Emerald mines (incl. Gebel Zabara; Wadi Abu Rusheid; Wadi Gimal; Wadi Sikait; Wadi Umm Debaa; Wadi Umm Kabu), Sikait-Zabara region, Red Sea Governorate, Egypt

Ancient emerald mines (2000 B.C. - 1200 A.D.). Rediscovered 1818. Egypt was the source of almost all emerald in ancient times.

The area is underlain by quartz-micaceous, hornblende, biotite, and talc schists, crumpled into complex folds and squeezed between a massif of the late Gattar gneissic granites and serpentinites. Emerald-bearing biotite and biotite-amphibole-talc schist horizons are up to 10 m thick.

The emerald crystals are generally small, and most contain fissures and numerous inclusions. Their colour is light green, occasionally bluish green. Associated minerals including those that form inclusions in the emerald, are biotite, quartz, hornblende, less abundant plagioclase, tourmaline (schorl), garnet, magnetite, and calcite. Gas-liquid inclusions often contain carbon dioxide.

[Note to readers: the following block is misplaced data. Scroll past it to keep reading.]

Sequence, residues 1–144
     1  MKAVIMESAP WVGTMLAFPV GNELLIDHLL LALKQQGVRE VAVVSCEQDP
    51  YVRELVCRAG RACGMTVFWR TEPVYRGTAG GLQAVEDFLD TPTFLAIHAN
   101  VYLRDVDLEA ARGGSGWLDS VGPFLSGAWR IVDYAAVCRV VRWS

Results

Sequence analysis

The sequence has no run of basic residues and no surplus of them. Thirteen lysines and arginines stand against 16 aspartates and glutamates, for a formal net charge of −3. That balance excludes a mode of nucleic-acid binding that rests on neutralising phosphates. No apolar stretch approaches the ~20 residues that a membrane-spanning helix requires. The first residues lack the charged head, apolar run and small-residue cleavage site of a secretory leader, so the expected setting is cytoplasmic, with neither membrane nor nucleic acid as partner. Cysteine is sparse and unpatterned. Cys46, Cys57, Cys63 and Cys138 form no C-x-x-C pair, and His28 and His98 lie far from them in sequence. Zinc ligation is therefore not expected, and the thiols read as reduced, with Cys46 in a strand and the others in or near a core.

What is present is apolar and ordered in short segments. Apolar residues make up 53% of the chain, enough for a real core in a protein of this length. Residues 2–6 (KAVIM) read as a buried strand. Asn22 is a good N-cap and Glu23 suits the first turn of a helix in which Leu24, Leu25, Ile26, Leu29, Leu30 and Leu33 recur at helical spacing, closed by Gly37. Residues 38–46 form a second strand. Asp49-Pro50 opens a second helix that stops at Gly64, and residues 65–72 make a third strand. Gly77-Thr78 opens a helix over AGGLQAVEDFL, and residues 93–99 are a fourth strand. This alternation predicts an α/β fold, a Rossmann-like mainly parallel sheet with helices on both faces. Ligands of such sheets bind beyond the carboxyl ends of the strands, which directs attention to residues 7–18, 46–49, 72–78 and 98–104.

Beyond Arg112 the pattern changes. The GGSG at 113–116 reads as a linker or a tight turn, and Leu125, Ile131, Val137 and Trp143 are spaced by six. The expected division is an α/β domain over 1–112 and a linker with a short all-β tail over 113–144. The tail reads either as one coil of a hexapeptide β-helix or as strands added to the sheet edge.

Ref: E.Ya.Kievlenko, Geology of gems, 2003, p. 86

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